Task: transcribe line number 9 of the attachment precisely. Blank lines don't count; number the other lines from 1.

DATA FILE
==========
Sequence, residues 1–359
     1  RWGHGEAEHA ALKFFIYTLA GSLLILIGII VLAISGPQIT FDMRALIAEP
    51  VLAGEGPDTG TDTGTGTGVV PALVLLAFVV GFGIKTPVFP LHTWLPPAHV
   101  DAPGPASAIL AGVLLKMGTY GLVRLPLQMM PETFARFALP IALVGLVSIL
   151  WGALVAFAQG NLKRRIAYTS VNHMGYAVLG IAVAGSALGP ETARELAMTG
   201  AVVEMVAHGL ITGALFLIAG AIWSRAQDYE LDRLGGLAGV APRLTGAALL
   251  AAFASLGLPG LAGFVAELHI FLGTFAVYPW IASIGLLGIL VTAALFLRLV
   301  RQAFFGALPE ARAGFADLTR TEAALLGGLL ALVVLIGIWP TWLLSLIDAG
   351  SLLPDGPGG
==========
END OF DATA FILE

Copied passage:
   351  SLLPDGPGG